1-Minute Consult: What Is the Role of Roflumilast in COPD?
Roflumilast’s benefit-to-harm ratio suggests that it only provides net benefit in patients at high risk of severe exacerbations.
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Roflumilast has been shown to reduce rates of acute exacerbation in patients with severe chronic obstructive pulmonary disease (COPD). It is a selective phosphodiesterase 4 (PDE4) inhibitor that acts on airway smooth muscle cells and various inflammatory cells. By blocking PDE4, roflumilast raises cyclic adenosine monophosphate levels within these cells, curtailing the inflammatory response.
Roflumilast is not a bronchodilator, although modest improvements in FEV1 have been documented in clinical trials when it was used as maintenance therapy.
Several trials have investigated the efficacy of roflumilast in COPD.
The RECORD trial
The RECORD trial in 2005 was the first large randomized controlled trial of roflumilast in moderate to severe COPD. At a dose of 500 µg orally daily, there was a modest but statistically significant improvement in the postbronchodilator FEV1. There was also improvement in the St. George Respiratory Questionnaire score in the treatment arm, but this was not statistically significant. The study also found a reduction in acute exacerbations of COPD with roflumilast, which was a secondary end point.
The results of this study spurred interest in roflumilast as well as criticism of the design of the study. First, COPD patients on inhaled maintenance therapy such as an inhaled corticosteroid and long-acting beta-agonist combination or a long-acting muscarinic antagonist had their medications held during the study. Second, the average FEV1 was 54 percent of predicted, indicative of a study population with less severe disease.
The RATIO trial
Taking into account the results of the RECORD trial, the RATIO trial in 2007 recruited patients with more severe COPD — Global Initiative for Chronic Obstructive Lung Disease (GOLD) class III and IV —and included the rate of acute exacerbations as a primary end point. Maintenance therapy with inhaled corticosteroids was continued in patients already taking them. However, long-acting beta-agonists and long-acting muscarinic antagonist therapies were held.
Again, roflumilast improved postbronchodilator FEV1compared with placebo. A reduction in acute exacerbations was seen but was not statistically significant except in subgroup analysis, where a statistically significant reduction in acute exacerbations was noted for patients with very severe (GOLD class IV) COPD.
Post hoc analysis from the RATIO trial suggested that patients with chronic bronchitis and patients with a history of frequent exacerbations were more likely to respond to roflumilast.
The EOS and HELIOS trials
In 2009, the results of the EOS and HELIOS trials of roflumilast in patients with severe COPD were published. These trials allowed continuation of long-acting beta-agonists and muscarinic antagonists. The prebronchodilator FEV1 improved modestly when roflumilast was added to a long-acting bronchodilator. These studies ran for only 24 weeks, and the rate of acute exacerbations was not a primary endpoint, although the results did show a trend toward reduction of exacerbations.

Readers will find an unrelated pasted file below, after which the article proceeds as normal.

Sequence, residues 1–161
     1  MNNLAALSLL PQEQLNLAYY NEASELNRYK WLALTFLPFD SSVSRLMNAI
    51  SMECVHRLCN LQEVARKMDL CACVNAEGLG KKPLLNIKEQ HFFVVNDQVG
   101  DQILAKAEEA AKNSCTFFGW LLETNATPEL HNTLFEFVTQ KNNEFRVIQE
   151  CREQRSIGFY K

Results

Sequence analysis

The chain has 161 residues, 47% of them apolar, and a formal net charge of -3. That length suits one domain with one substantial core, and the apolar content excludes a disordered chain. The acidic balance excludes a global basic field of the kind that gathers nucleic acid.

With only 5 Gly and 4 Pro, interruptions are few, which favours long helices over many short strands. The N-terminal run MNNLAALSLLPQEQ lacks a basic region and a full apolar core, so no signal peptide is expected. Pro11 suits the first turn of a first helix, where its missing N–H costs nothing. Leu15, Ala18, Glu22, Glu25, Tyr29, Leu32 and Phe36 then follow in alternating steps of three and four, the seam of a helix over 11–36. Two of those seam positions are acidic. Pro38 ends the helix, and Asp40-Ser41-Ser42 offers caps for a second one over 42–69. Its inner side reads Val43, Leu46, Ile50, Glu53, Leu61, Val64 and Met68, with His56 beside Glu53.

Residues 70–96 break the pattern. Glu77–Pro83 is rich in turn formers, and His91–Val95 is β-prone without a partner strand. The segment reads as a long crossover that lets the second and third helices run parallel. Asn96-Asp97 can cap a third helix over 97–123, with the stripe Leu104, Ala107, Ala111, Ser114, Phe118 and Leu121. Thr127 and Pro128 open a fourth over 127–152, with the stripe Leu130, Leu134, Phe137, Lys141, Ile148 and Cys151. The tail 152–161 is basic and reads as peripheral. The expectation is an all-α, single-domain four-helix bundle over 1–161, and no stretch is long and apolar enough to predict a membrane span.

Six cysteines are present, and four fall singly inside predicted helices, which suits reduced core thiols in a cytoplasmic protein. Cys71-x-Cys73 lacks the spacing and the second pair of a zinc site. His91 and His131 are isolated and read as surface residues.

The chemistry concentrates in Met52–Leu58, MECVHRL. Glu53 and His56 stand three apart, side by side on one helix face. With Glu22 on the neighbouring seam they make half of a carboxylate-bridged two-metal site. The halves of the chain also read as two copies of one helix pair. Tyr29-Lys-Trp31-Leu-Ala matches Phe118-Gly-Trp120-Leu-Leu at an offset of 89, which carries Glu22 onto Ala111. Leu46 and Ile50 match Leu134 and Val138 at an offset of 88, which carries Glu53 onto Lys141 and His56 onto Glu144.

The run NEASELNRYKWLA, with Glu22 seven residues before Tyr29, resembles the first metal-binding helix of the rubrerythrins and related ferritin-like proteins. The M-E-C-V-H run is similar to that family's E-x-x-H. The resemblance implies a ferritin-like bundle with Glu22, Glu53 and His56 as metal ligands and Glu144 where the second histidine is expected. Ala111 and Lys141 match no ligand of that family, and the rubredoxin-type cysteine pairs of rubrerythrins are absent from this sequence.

The AURA and HERMES trials
Also in 2009 was the publication of the results of two 52-week placebo-controlled trials (AURA and HERMES) of roflumilast in patients with severe COPD with chronic bronchitis and a history of frequent exacerbations. Maintenance therapy with long-acting beta-agonists was continued, whereas inhaled corticosteroids and long-acting muscarinic antagonists were held. Statistically significant improvements in prebronchodilator FEV1 and reduction in the rate of exacerbations were observed in the roflumilast group (17% reduction, 95% CI, 8-25, P < .0003).
The REACT trial
The REACT trial randomized 1,945 patients with severe COPD already on maximal recommended combination inhaled corticosteroid and long-acting beta-agonist therapy to receive either roflumilast or placebo. The patients’ ratio of FEV1 to forced vital capacity was less than 70 percent, their postbronchodilator FEV1 was less than 50 percent, and they had chronic bronchitis and a history of at least two acute exacerbations during the past year. They had also been on combination therapy for the previous year. Patients who were on long-acting muscarinic-antagonist therapy (70 percent of the cohort) were included, and continued with their medication.
Patients were followed for 52 weeks. There was a significant reduction in the rate of exacerbations in the roflumilast group vs placebo. As in previous trials, the roflumilast group showed an improvement in postbronchodilator FEV1. The study also showed a reduction in hospital admissions in the treatment group.
Adverse effects of roflumilast
Roflumilast is known to have adverse effects significant enough to reduce compliance, the most common being diarrhea, weight loss and nausea. In the REACT trial, 11 percent of patients in the roflumilast group vs. 5 percent in the placebo group dropped out of the study because of adverse drug effects. Diarrhea was reported in 10 percent and weight loss in 9 percent of patients taking roflumilast. Weight loss has been shown to be reversible upon stopping roflumilast. There has been no evidence of increased risk of death or serious adverse events in studies of roflumilast in patients with COPD. However, the benefit-to-harm ratio suggests that roflumilast provides a net benefit only in patients at high risk of severe exacerbations.
Dr. Lau is a fellow in the Respiratory Institute. Drs. Mehta and Hatipoglu are staff in the Respiratory Institute.
This article has been edited for length and originally appeared in Cleveland Clinic Journal of Medicine.